Green Egg

I have two Ameracauna hens and I thought they never were going to give me a colored egg! I was so excited today when I found my first green egg!


His Promise

When I contemplated writing this blog entry today, I thought about the question of how detailed did I want to make it? The whole entry could be simply put

It's a girl!

However, there is so much more detail surrounding this entry, that I scarcely know where to start. I guess I will start with Butter Cupp as the whole story, in one way or another, revolves around her. Or maybe I need to go back even further to Nelly because that is where the story actually begins.

Nelly was a young heifer and I had just recently put her in with Peanut, our young bull to be bred. I advertised her on Craig's List and a lady responded to the ad wanting to know if she and her husband could stop by here on their way home from vacation, as they lived near D.C. and were passing through our area. We arranged a time and she and her husband stopped, visited a while and put a down payment on Nelly. I explained to them at the time, that Nelly was very "green" and seemed to have some temperament issues that I just was not sure that she would overcome, but promised them I would let them know in a few weeks what I honestly felt about the match. Before the couple left, I told them that I had recently lost my son. I remember the lady hugging me. I remember the sincerity with which she and her husband promised to remember me in prayer. Those days so recently after Josh's death were such a blur in my mind as I was still in shock.

After trying to work with Nelly some, I really felt uneasy about her being paired with a beginner who had no experience with large animals. I wrote the lady an email and told her that the decision was hers but I would refund their money if they decided not to get Nelly or I would offer them Butter. Butter was an older, experienced cow and I knew would do well for her. However, shortly after that, I woke up one morning to find Butter on the ground and unable to get up. You can read about that terrible week here.

After that week, I just could not in good conscience sell Butter without revealing to the nice couple all that had happened and giving them the opportunity to have their deposit refunded. After some serious thought, the couple decided that Butter would not be the best choice for them. They also found a dairy closer to home where they would be able to buy some young heifers of their own.

I was so confused at that time wondering why Butter had become ill or injured (as well as her herd-mate Maya who had become ill at the same time with different symptoms). We had always had a healthy herd and had no problems before. My two girls dropped weight and began to look like skeletons. The vets we had out ran blood tests and could find nothing wrong with them. So, we began a regimen of trying to feed them well and get weight back on them.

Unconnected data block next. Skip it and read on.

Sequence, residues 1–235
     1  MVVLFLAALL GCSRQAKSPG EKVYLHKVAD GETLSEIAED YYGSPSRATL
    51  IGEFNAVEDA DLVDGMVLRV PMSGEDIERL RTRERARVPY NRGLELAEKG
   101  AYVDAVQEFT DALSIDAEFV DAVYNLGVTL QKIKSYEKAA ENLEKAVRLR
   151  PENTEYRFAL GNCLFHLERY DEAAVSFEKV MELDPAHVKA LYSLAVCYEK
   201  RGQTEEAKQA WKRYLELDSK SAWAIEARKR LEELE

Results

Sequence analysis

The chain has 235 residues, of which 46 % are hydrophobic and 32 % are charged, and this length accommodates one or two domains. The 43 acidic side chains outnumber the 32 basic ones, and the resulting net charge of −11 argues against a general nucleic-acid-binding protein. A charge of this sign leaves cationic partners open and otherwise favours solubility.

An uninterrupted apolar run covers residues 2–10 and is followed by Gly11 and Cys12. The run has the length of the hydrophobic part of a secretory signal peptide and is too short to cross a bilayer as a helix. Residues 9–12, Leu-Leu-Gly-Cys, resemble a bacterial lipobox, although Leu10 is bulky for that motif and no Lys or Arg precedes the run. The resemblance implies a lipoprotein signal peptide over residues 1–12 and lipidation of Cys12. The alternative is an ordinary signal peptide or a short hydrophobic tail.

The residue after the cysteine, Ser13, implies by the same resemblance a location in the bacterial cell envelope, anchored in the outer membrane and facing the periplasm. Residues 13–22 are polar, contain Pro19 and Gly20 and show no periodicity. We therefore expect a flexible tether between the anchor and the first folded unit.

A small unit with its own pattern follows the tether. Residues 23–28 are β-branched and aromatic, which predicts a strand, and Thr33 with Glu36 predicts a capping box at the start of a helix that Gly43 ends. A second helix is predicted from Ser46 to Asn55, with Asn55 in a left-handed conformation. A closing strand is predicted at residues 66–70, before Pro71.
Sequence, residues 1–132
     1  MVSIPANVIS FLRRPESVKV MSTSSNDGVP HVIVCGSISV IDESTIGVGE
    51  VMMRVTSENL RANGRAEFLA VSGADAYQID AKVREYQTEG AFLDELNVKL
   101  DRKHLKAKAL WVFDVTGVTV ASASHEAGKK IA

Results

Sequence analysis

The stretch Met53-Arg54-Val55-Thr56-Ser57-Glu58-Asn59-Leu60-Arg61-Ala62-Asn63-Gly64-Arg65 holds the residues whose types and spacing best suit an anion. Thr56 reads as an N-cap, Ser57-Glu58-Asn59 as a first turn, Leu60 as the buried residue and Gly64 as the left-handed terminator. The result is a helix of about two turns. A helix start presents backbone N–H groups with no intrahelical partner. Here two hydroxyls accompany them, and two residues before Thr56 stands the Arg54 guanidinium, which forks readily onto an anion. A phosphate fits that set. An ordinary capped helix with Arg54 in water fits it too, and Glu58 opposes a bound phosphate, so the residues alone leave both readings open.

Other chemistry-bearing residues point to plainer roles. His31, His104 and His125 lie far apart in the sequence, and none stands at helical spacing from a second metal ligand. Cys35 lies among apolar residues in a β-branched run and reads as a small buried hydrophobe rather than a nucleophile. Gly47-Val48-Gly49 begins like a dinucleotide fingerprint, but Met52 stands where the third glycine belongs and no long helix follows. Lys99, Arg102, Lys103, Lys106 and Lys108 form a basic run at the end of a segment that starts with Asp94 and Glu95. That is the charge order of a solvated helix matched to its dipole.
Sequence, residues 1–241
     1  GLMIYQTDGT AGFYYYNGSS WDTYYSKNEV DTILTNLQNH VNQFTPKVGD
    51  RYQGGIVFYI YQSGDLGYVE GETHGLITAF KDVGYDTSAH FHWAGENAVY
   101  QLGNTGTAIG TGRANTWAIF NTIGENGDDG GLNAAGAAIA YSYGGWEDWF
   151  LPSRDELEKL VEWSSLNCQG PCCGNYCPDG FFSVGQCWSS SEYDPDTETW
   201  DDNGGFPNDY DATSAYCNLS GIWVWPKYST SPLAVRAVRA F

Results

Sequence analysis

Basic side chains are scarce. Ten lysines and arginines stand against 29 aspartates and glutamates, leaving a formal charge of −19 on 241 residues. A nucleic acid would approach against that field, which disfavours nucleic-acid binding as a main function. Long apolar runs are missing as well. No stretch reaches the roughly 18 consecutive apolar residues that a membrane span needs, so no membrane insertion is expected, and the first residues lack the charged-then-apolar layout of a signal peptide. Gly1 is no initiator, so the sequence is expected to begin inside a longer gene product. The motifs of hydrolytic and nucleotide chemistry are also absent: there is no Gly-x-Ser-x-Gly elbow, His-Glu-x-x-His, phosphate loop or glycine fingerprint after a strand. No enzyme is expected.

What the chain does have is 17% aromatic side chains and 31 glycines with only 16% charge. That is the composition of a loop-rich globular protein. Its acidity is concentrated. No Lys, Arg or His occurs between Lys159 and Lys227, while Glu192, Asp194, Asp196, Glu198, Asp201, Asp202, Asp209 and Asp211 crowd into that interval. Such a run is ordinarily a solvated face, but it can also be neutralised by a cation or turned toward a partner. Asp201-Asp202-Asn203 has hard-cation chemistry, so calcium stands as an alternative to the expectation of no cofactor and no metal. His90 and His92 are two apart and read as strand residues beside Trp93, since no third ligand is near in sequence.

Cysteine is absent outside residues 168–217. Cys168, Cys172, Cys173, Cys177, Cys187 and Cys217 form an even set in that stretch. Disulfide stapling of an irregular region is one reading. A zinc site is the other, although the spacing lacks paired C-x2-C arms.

During this time of caring for Butter in such an intimate way, she and I became very bonded. She trusted me and I really fell in love with her. Imagine how thrilled I was when I had the vet out one day and he palpated her and said that she was indeed pregnant. She had not been with a bull since before her "down" period. It was a miracle that she had not slipped the calf during the whole ordeal.

Over the months since that time in the fall of last year, the lady who came to look at Nelly and then "bought" Butter have become very close friends. She is so very dear to me and we email frequently. Often, our talk is about cows but many times it is much more than that. She has never ceased to amaze me at how she knows exactly when to remind me that she is praying for me. Even though it did not work out for her to buy a cow from me, the cows are what brought us together on that day last fall and I have no doubt our friendship will never end.

Now fast forward to this week. For some reason, I have had a really hard time and have struggled with being really down. I think, it is probably because I am fast approaching the one year anniversary of Josh's death. As the seasons change, we will enter fall. What was always the favorite season for both Josh and myself, will now hold new challenges for me. As much as I try to focus on the beauty of the years that I got to spend with Josh, my loss sometimes overwhelms me.

Anyone who frequents this blog knows that rain reminds me of my son and for the last two evenings, as the night has come closing in, there has been an evening shower and then a beautiful rainbow at the end of it. Last night I saw the rainbow for the second night in a row and later as I stood outside in the dusk of the evening with my cows and allowed the big tears to finally come streaming down my face, I began to sob and asked God to please, please give me something to hold onto and something to encourage me because I was sad. It was then that I had the thought that the rainbows in the sky had been from God.